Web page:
Discussion Top


There are was no recognized protocol to manage malingering if suspected. Each case is unique and will require an approach peculiar for the specific symptomatology, educational, and cultural background of the client and the secondary gain associated.[2],[3] Malingering must be differentiated from factitious and dissociative disorders as well as pseudoseizure. In malingering, the client is aware of the primary motive behind the feigned symptoms.[2],[3] While in factitious disorders, the client intends to adopt a sick role rather than achieve any other gain. In dissociative disorders, on the other hand, the person is not aware of the unreal nature of the symptoms but truly believes that they have the reported ailments.[2],[3],[4],[7] A clear documentation and proper evaluation will promote a safe and supportive relationship to assist in eliciting possible underlying motivations.[8],[9] The client's knowledge of psychotic symptoms must be explored. The nature of the secondary gain that is being sought must be unveiled. The client should not be accused directly of feigning illness or lying as this may jeopardize the doctor–client relationship.[10],[11]


   Conclusion Top


It is believed that malingering is difficult to diagnose in childhood and a high index of suspicion is needed to unravel the condition. This reported case has made us to realize that conditions such as malingering have not received due attention and diagnosis might probably be missed, thus creating the impression that the condition is rare in children. Malingering is also a diagnosis of exclusion. A detailed history must be taken, the client must be thoroughly evaluated, examined, and relevant laboratory investigations and psychometric evaluations must be done. Clinicians should be tactful, neutral, and nonjudgmental when managing a malingerer. The symptom inconsistencies must be presented to the client in a nonjudgmental manner and possible remedy offered. Clinicians should act in the best interest of the client in an ethical, legal, and professional manner.

Declaration of patient consent

The authors certify that they have obtained all appropriate patient consent forms. In the form the patient(s) has/have given his/her/their consent for his/her/their images and other clinical information to be reported in the journal. The patients understand that their names and initials will not be published and due efforts will be made to conceal their identity, but anonymity cannot be guaranteed.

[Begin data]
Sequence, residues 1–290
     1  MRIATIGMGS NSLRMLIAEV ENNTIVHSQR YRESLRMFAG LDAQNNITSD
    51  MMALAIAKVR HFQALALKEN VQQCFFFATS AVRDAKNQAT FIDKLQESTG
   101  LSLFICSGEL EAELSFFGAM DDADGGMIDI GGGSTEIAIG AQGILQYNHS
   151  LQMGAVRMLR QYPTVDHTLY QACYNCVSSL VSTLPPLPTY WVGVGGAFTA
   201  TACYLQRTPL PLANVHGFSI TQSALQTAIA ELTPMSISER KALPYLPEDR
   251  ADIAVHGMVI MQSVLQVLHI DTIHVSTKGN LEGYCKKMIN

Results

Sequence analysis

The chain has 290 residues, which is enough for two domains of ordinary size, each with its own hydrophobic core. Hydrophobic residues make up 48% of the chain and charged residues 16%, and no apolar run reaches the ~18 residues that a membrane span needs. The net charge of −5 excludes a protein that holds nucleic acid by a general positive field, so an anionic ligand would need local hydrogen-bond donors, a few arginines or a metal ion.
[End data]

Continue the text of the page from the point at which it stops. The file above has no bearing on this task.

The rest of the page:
Acknowledgment

We would like to acknowledge the medical and nursing staff of children emergency ward of Wesley Guild Hospital, Ilesa, for the patient care.

Financial support and sponsorship

Nil.

Conflicts of interest

There are no conflicts of interest.

 
   References Top

1.
American Psychiatric Association. DSM-5 Diagnostic and statistical manual of mental disorders. 5th ed. Arlington, VA, US: American Psychiatric Association; 2013.  Back to cited text no. 1
    
2.
Edens JF, Guy LS, Otto RK, Buffington JK, Tomicic TL, Poythress NG. Factors differentiating successful versus unsuccessful malingerers. J Pers Assess 2001;77:333-8.  Back to cited text no. 2
    
3.
Cassisi JE, Workman DE. The detection of malingering and deception with a short form of the MMPI-2 based on the L, F, and K scales. J Clin Psychol 1992;48:54-8.  Back to cited text no. 3
    
4.
Newton P, Reddy V, Bull R. Children's everyday deception and performance on false-belief tasks. Br J Dev Psychol 2000;18:297-317.  Back to cited text no. 4
    
5.
Cope SR, Poole N, Agrawal N. Treating functional non-epileptic attacks – Should we consider acceptance and commitment therapy? Epilepsy Behav 2017;73:197-203.  Back to cited text no. 5
    
6.
Martin R. Treatment challenges in nonepileptic psychogenic seizures: Finding the perfect fit for the no-one-size-fits-all group. Epilepsy Curr 2017;17:147-9.  Back to cited text no. 6
    
7.
Peebles R, Sabella C, Franco K, Goldfarb J. Factitious disorder and malingering in adolescent girls: Case series and literature review. Clin Pediatr (Phila) 2005;44:237-43.  Back to cited text no. 7
    
8.
Harris MR, Resnick PJ. Suspected malingering: Guidelines for clinicians. Psychiatr Times 2003;20:68-71.  Back to cited text no. 8
    
9.
Cornell DG, Hawk GL. Clinical presentations of malingerers diagnosed by experienced forensic psychologist. Law Hum Behav 1989;13:375-83.  Back to cited text no. 9
    
10.
Mason AM, Cardell R, Armstrong M. Malingering psychosis: Guidelines for assessment and management. Perspect Psychiatr Care 2014;50:51-7.  Back to cited text no. 10
    
11.
Singh J, Avasthi A, Grover S. Malingering of psychiatric disorders: A review. German J Psychiatr 2007;10:126-32.  Back to cited text no. 11
    




 

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   Case Report
   Discussion